North West Wales

Blind law professor's gratitude for community support

Prof Anna Lawson with dogs on beach Image copyright Lawson family
Image caption Prof Lawson says she was inspired to work hard to repay the community's support

A woman thought to be the UK's first blind female law professor says she wants to thank the community who supported her through her studies.

Around 20 people in Llanelltyd near Dolgellau in Gwynedd recorded books and articles on to tape to help Anna Lawson achieve her goal.

The community had stepped in to help after her family made an appeal after it became too much work for them.

Ms Lawson has been appointed professor of law at Leeds University.

She said: "It was absolutely incredible - the whole community helped me and my sister Jane," who suffers from the same rare form of macular degeneration.

"I should think that at least 20 people helped with taping - some of them treating it like a full-time job!"

Prof Lawson said she wanted to thank the community, and also the volunteers at the Leeds University RNIB transcription service, for the time they had put in to help her.

"I was glad to work really hard when people had put so much effort into making it possible for me to do so," she said.

"However, I feel passionately that there should be systems in place which ensure that education (as well as health, transport and other services) should be accessible to disabled children and adults without the need for communities to have to rush to the rescue as, luckily for me, the Dolgellau community did - and using the law to help achieve that is pretty much the focus of my work now."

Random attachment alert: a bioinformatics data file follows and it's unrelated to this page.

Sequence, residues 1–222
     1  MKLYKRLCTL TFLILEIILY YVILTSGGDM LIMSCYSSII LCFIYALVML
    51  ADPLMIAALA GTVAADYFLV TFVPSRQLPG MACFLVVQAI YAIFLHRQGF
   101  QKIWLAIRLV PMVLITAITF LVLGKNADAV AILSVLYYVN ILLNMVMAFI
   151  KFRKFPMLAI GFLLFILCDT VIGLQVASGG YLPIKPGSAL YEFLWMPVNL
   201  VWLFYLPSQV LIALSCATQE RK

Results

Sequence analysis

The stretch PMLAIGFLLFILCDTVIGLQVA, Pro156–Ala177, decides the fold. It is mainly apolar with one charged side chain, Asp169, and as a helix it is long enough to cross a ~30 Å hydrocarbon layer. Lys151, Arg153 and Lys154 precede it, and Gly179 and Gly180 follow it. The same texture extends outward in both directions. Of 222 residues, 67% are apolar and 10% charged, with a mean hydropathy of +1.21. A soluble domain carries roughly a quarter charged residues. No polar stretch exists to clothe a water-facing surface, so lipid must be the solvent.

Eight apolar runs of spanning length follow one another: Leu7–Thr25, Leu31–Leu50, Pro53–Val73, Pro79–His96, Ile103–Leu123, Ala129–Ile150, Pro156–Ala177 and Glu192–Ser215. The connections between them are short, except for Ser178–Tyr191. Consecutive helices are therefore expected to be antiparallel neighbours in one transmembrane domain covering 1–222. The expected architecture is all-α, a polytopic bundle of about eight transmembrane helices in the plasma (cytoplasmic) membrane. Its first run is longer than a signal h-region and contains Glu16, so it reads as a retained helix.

Image copyright Lawson family
Image caption Prof Lawson has visited India as part of her foreign travels
Image copyright Lawson family
Image caption Being blind did not prevent Prof Lawson climbing Ben Nevis

Prof Lawson's eyesight began to deteriorate when she was around seven years old, but both she and her sister stayed at the local school until they were ten.

The nearest school for children with multiple disabilities was in Coventry which she attended from the age of 11.

Her parents, Bruce and Catherine Lawson, initially wrote everything out in big black print but as time when on that became too slow.

So they set about helping their daughters by putting information onto tape with Mr Lawson concentrating on the sciences and Mrs Lawson on the arts.

Mrs Lawson said: "I advertised for help because the girls went to different universities where there were no taping services.

"We had people in every room in our house, and we sent tapes both off to Cardiff and Oxford and then to Cambridge and Chester.

"Merched y Wawr had read about it in the paper and they donated money to buy four tape recording machines.

"The stalwarts of our reading group put in hours - half a dozen of people would put in as many hours as me.

"Both girls worked very, very hard. The whole community of Llanelltyd are so proud of them," she added.

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